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20/224. A painless subungual osteoid osteoma.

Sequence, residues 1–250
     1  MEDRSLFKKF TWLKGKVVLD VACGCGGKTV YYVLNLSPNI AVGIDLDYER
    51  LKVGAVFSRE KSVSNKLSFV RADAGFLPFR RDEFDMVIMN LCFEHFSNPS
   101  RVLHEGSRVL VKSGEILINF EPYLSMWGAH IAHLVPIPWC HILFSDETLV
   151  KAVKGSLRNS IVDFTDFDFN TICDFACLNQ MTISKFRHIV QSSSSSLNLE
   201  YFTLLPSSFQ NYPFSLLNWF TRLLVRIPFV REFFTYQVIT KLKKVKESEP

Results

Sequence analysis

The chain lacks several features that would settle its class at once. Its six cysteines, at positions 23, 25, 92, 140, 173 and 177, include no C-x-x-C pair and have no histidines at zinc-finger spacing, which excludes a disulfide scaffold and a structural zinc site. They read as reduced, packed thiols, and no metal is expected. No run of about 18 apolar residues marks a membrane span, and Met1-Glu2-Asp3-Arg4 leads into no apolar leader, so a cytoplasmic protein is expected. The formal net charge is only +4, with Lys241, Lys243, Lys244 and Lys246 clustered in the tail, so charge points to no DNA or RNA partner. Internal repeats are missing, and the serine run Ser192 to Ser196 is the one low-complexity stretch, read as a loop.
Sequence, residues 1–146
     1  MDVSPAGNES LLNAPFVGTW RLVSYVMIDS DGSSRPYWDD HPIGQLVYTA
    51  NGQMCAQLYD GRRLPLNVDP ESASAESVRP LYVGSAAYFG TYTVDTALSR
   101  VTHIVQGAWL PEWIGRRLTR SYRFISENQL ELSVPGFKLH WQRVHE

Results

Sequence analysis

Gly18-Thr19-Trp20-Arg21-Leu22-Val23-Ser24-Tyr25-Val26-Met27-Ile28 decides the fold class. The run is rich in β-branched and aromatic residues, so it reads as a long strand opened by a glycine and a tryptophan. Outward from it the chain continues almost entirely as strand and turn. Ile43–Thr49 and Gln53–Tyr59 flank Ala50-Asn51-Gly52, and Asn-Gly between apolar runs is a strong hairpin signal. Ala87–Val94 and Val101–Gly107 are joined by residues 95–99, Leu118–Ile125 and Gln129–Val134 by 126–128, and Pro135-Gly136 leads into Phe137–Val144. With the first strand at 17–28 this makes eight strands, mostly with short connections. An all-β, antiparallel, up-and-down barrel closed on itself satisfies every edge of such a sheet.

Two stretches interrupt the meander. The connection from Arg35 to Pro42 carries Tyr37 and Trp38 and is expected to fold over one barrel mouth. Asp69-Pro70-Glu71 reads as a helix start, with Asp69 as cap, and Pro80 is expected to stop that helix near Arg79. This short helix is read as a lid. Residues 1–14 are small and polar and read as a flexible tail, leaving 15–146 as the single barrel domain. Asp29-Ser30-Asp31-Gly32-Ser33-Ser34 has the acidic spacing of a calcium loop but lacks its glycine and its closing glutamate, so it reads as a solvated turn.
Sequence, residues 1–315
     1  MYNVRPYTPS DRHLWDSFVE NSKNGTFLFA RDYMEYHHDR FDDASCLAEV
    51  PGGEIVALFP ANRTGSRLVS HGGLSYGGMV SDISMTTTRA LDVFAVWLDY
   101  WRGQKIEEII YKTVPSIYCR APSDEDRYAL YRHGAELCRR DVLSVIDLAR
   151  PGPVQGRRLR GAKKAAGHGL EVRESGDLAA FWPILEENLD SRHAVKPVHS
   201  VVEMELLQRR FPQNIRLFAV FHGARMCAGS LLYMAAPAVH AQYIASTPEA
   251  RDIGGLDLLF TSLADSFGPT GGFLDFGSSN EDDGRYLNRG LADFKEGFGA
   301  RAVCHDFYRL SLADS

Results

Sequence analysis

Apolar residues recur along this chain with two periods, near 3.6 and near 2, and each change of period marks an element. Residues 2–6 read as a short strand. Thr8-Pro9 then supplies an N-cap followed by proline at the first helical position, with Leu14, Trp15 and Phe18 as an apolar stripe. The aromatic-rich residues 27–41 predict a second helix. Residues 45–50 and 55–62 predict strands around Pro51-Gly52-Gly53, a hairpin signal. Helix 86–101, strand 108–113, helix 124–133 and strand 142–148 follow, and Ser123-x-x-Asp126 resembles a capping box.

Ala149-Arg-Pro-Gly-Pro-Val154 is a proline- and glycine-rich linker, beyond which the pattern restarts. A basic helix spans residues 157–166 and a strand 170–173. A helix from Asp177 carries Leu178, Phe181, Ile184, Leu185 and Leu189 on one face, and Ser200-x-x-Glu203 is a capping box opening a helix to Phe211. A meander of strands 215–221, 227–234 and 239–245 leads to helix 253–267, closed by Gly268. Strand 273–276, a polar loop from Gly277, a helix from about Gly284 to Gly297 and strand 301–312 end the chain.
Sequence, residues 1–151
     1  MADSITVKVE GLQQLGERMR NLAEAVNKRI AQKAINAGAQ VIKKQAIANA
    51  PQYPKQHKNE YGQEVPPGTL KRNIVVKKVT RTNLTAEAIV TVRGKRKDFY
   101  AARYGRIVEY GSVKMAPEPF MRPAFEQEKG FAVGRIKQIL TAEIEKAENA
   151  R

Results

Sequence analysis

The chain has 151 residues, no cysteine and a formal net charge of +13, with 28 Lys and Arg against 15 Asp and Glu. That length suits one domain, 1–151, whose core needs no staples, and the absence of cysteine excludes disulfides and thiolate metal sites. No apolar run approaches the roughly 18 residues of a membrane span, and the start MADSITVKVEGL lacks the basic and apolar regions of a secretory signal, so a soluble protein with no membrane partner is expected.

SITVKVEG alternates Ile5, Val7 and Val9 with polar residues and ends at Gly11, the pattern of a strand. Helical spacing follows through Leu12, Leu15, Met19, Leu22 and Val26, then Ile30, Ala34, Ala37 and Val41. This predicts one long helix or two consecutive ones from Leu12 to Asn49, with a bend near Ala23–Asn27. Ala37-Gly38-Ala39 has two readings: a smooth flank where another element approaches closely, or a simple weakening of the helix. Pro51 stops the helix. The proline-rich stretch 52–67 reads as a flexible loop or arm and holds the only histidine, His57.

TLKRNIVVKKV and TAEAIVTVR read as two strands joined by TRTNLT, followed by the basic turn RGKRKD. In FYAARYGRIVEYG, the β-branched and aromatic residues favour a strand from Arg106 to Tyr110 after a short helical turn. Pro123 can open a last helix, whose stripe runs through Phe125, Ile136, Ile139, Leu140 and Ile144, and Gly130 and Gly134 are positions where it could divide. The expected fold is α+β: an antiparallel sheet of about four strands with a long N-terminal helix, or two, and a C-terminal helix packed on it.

BACKGROUND: Osteoid osteoma is a benign bone tumor. Its etiology is not fully understood and the role of trauma is still elusive. OBJECTIVE: Osteoid osteoma mostly presents with a poorly localized pain that is worst at night and characteristically relieved by salicylates. It usually occurs on the weight-bearing bones of the lower extremities, but toe location is quite rare. Here, we present a case of painless osteoid osteoma located subungually on the dorsum of the great toe. RESULT: A 29-year-old woman presented with a painless subungual mass on the dorsum of her great toe. Subungual exotosis, osteochondroma, and osteoma were considered in the differential diagnosis and the lesion was totally excised. Histopathologic examination showed characteristic findings of osteoid osteoma. CONCLUSION: A painless osteoid osteoma is rarely seen and it can be easily misdiagnosed if it occurs in an atypical location such as the subungual area.